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7 responses to “Whew!

  1. How are you feeling? Did you do alright with your fast and restricted diet?

  2. My middle brother decided to raise chickens when I was twelve and he was 23. The rooster had it in for me, and every time I would go out to feed the horses, he would attack. My oldest brother went out with me one day, armed with a broom, and hid around the corner of the barn. When the rooster came for me, I ran like beezus around that corner, and my hero brother caught that bird spang in the chest with the broom. Then he chased the devil bird all over the field, and about every five steps, whap! the rooster got batted into the air again. The evil critter never went for me again.

  3. knitwonpurltoo

    People seem to think that farm animals are cute Fischer Price animals. My Mom had a ram that butted her constantly. She wasn’t terrified of him, but he sure did irritate the heck out her. They are domesticated to a point, but still can be ornery and unpredicatable. Your deck looks lovely ,as does the railing. You are quite the clever kiddo!

  4. Your rooster story is so familiar to me! We had a Rhode Island Red named “Sucker” (as in Sucker for punishment). He would wait outside the backdoor and attack people as they came out. My dad put on old golf club he had by the back door and we’d play rooster polo on the way out, automatically swinging the club as we walked out the door. Sucker would tumble end over end and wait until we went back inside, then would get up and stagger back to the door to lie in wait for his next victim. Hence his name. A weasle finally got him and no one mourned – in fact, out of all the chickens that bit it that summer, he was the only cheer raised when we found his headless body.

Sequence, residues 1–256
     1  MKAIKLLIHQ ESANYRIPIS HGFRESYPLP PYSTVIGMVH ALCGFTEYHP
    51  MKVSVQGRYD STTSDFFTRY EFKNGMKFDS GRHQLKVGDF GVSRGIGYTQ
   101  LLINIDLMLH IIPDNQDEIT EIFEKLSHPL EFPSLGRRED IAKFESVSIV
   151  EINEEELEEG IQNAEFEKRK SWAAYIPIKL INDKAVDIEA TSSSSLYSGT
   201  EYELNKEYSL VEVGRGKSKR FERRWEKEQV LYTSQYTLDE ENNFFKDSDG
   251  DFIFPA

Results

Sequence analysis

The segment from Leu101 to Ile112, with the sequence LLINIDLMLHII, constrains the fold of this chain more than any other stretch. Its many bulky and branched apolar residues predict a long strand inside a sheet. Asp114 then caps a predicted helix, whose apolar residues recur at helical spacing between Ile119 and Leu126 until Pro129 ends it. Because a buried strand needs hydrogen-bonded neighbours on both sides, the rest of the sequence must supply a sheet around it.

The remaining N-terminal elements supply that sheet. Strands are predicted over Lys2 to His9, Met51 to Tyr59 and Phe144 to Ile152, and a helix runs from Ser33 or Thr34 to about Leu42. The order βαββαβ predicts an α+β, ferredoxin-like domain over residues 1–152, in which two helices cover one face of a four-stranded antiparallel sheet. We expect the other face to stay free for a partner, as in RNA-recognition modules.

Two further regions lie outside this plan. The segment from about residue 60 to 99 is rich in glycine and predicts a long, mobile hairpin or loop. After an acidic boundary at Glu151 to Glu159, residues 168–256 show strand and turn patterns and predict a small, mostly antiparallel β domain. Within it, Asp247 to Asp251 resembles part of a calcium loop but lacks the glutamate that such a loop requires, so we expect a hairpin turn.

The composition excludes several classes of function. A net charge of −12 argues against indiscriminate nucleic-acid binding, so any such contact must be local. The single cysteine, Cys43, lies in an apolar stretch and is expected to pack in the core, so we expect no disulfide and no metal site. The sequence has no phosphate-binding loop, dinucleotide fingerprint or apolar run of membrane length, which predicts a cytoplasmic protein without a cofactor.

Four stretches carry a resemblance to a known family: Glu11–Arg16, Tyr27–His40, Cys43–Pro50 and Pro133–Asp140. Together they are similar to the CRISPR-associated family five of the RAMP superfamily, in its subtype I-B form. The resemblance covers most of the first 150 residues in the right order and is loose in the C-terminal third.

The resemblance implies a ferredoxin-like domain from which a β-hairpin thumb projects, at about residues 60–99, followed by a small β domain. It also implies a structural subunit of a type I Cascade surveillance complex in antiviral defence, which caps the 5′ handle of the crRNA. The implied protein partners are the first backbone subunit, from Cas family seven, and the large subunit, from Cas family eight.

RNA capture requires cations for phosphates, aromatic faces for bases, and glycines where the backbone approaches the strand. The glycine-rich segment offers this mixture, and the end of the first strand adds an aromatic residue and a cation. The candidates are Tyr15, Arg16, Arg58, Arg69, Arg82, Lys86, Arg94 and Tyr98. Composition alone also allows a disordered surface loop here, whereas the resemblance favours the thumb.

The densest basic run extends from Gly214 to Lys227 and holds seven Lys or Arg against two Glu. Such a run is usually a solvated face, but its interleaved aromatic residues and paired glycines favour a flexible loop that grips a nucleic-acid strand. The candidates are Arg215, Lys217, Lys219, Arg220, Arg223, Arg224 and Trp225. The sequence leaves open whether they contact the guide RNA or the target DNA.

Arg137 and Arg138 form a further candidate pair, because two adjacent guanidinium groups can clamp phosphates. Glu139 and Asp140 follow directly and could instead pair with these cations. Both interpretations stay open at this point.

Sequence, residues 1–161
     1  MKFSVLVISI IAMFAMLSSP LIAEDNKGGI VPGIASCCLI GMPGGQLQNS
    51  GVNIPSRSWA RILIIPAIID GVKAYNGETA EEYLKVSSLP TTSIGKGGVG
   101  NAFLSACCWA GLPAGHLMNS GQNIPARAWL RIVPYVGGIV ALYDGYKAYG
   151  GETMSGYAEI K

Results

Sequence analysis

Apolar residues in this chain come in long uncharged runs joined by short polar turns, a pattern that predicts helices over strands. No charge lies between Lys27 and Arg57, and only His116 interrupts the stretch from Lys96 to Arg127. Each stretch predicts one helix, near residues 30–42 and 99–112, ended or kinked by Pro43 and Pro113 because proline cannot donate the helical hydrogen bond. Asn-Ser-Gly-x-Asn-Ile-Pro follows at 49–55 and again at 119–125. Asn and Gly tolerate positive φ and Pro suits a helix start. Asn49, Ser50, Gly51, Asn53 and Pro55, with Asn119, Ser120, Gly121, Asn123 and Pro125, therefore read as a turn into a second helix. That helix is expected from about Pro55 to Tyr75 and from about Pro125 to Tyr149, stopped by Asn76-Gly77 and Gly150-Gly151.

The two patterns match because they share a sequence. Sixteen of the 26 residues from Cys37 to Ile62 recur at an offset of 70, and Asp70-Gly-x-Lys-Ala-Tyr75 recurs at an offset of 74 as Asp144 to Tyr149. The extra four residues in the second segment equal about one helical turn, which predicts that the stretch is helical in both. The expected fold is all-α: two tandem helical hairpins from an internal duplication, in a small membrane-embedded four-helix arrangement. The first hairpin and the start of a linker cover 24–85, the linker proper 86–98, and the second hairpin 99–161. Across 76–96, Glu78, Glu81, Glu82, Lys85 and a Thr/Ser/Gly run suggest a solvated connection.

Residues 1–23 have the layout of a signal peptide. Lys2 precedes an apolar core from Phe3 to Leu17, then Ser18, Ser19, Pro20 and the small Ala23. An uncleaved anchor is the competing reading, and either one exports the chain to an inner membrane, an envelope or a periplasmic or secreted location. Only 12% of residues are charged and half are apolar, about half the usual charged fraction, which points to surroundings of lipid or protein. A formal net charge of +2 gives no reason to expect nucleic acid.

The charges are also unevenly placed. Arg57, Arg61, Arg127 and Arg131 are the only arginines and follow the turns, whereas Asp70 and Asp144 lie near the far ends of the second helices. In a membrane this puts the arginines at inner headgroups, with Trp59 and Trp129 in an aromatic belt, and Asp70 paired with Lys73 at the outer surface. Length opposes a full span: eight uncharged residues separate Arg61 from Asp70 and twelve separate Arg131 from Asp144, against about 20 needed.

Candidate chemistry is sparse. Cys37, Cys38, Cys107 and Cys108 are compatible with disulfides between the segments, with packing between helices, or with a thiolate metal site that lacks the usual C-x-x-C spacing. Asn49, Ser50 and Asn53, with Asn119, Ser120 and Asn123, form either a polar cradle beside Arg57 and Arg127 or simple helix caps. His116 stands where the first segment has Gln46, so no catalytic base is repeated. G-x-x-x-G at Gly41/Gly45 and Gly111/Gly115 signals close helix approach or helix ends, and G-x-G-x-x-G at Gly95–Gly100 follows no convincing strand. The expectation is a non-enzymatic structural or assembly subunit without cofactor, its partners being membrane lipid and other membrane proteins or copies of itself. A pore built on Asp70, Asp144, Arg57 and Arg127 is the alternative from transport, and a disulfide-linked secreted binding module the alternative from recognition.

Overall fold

And we ate our named animals, too. I can’t count how many times Mom would send us to the deep freeze to get a “piece of Hogan” (or whatever that year’s steer was named) for the next night’s supper so it could thaw out. I even made a friend mad at me one time. She wanted to get a pet pig and asked me my opinion for a name. I said “Ham Hock” and she asked why. I said “Because that’s what he’d be as soon as he were big enough if he were my pig.”

  5. Gillian

    I took a school group on a tour of a small chicken abbatoir in the country while we were on camp and then we took some back to cook that night. One or two chose not to eat it but the rest tucked in with gusto. The real shindig came from the parents when we got back to school. They wanted me punished for tarnishing their innocents’ ignorance and said I should have gone to KFC.
    Cheers Gillian

  6. That’s a lot of work! I’m tired just reading that… as to the animals…
    I am an absolute animal lover (and have to admit they are tasty too) but I grew up in a family of hunters, so any squeamishness I had was lost early. I now help the hunters butcher the meat when they come back from the hunt. My dad started hunting with a new pack of friends a few years ago, and you should have seen their face when I showed up at butchering time, ready with my knives (my dad of course, just smiles proudly)
    I am also in a terrible habit of naming things we are going to eat… mostly fish. I don’t believe in hunting purely for sport, but if you are going to eat it, that’s cool.
    My grandparents had a Merino ram, very similar to your rooster… though not quite as evil. I couldn’t go out to the barn without a very large stick, otherwise I’d get butted… hard enough to knock you over. I don’t think it was malicious… I think he thought it was a game

  7. Friend of ours has horrible childhood memories of chickens. He particularly enjoyed one rooster on his dinner plate. Bet you can figure out why.